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Ivy: pest or protector?

Photo: Philip PreceyIvy

By Dyane Silvester

We are all familiar with ivy.

It grows over our dry stone walls and turns our houses into quaint cottages, we use it in wreaths and decorations at Christmas, it twines round our trees, choking them and competing for nutrients. Or does it? Is ivy a rampant pest damaging our environment, or simply a hardy climber providing shelter and food for our animals and wildlife?

Ivy grows quickly and easily and although the idea that it makes the bricks and mortar of your house crumble is a myth, if your masonry is already weathered or soft, ivy can speed the deterioration. On dry stonework, it will inveigle itself into the gaps between stones and as it grows bigger, prise the stones apart. As it climbs your timber fence or shed its suckers and branches will take advantage of gaps in the timber and induce or speed up rotting.

In the right environment however, we mustn't forget the positives of ivy; the shelter and food it provides for birds who feed on its berries (the ivy on my garden wall regularly has several feeding blackbirds in it); the pollen that bees and hoverflies seem to love. Indeed where ivy forms a ground cover it protects the area beneath from frost, providing an ideal place to hibernate, shelter for overwintering butterflies, and available foraging when the ground around is frozen.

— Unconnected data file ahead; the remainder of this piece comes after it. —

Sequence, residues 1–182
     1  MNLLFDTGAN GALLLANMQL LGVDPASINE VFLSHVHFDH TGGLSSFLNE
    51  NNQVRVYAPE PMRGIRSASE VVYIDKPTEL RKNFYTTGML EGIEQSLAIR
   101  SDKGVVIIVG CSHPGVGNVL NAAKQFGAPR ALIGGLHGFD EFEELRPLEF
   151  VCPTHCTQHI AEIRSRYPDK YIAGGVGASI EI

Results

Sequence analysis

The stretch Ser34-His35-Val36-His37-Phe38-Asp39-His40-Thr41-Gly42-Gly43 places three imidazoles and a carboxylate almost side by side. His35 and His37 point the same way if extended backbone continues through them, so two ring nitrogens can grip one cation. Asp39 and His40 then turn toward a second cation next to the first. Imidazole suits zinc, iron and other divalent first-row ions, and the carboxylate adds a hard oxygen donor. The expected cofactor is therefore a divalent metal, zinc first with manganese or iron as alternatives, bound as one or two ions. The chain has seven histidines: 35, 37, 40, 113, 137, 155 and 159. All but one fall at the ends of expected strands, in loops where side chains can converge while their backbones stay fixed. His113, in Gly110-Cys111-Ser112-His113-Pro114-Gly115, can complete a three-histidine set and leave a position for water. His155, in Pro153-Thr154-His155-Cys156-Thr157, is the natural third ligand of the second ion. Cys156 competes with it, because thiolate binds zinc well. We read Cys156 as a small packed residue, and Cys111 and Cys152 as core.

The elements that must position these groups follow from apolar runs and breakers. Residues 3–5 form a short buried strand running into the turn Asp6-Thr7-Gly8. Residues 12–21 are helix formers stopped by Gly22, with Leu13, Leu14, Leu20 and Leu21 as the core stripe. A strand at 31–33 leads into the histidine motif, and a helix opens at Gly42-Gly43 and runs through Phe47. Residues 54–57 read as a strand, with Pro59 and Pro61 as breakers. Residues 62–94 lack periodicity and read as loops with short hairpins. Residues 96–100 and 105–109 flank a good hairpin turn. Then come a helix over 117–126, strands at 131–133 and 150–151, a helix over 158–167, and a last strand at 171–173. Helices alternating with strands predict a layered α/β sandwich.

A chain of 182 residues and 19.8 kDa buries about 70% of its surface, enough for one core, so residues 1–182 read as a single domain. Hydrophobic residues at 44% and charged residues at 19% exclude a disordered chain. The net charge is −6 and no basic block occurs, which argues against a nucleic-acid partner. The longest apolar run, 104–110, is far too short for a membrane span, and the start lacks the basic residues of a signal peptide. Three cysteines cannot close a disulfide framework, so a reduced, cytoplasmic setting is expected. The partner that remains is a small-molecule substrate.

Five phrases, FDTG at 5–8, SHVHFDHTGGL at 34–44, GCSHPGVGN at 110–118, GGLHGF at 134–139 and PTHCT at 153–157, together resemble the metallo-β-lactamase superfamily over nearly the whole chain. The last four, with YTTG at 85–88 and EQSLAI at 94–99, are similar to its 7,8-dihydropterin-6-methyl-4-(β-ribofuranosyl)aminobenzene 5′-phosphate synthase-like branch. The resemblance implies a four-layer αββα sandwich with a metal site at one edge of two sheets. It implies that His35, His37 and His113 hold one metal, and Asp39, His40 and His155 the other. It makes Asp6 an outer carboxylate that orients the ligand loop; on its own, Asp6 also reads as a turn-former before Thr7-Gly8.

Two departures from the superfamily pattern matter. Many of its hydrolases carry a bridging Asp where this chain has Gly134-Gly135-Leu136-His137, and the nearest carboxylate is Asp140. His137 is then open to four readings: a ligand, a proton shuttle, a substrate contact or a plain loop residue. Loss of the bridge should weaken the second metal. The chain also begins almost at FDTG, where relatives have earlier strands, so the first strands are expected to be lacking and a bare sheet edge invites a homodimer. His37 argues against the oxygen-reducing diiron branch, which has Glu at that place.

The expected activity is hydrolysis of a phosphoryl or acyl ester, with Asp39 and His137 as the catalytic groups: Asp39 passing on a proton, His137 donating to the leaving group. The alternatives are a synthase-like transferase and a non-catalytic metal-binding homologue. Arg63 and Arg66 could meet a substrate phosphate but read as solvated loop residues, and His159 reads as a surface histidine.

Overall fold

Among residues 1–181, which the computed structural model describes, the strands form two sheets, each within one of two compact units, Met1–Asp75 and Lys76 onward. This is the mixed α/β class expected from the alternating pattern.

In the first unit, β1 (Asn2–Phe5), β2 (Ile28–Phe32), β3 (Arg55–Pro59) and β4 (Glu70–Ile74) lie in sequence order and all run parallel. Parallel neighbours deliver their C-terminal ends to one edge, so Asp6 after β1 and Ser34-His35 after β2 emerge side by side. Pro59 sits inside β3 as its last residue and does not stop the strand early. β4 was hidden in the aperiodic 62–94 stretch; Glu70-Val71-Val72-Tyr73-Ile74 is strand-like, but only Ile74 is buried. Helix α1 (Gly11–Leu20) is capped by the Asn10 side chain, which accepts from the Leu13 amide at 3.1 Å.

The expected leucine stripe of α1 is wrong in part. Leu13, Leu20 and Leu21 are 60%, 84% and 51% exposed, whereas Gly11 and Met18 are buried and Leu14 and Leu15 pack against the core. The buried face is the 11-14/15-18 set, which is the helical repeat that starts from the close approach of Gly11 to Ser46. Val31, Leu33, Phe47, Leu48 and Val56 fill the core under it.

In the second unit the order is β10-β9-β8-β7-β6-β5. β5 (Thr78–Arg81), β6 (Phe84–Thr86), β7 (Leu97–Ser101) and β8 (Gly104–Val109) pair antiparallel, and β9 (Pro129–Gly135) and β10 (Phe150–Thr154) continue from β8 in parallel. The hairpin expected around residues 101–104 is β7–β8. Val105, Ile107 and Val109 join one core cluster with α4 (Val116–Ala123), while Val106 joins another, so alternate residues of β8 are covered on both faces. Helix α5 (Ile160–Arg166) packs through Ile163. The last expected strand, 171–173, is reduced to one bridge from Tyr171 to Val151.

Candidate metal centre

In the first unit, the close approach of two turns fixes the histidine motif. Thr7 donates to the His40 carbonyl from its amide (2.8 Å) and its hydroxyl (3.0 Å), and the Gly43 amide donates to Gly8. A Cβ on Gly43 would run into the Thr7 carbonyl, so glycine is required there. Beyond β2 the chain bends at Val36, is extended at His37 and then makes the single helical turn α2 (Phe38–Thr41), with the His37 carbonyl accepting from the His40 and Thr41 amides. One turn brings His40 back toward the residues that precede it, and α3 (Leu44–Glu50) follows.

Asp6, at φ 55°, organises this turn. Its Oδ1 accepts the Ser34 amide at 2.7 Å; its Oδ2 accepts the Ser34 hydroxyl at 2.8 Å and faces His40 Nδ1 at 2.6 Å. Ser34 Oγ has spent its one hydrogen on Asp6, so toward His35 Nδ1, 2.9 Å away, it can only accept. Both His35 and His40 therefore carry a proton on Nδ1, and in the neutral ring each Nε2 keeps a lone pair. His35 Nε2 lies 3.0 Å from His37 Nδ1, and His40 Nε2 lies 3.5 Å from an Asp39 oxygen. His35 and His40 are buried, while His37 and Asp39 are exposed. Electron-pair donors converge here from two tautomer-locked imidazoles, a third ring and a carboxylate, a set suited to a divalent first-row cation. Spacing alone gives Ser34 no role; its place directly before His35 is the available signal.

The Royal Horticultural Society advises that ivy on the trunk does not strangle a healthy tree; if it manages to smother the crown it is often because the tree is already in a weakened state. There are some trees however, notably ash and others with a naturally sparse crown (which allow a lot of light to enter), which are more vulnerable and it is preferable to control ivy on these where possible.

Contrary to popular belief ivy is not a parasite: its suckers are merely suckers; they allow the ivy to support itself using the underlying structure, while the ivy's own root system provides all of its nutrients.

So the next time you see an ivy-covered cottage or wall, listen for the buzzing of bees. And when your immediate reaction is that the tree you're looking at is being strangled, stop to consider the possibility that actually it has a protective coat that allows a myriad of small creatures to survive.

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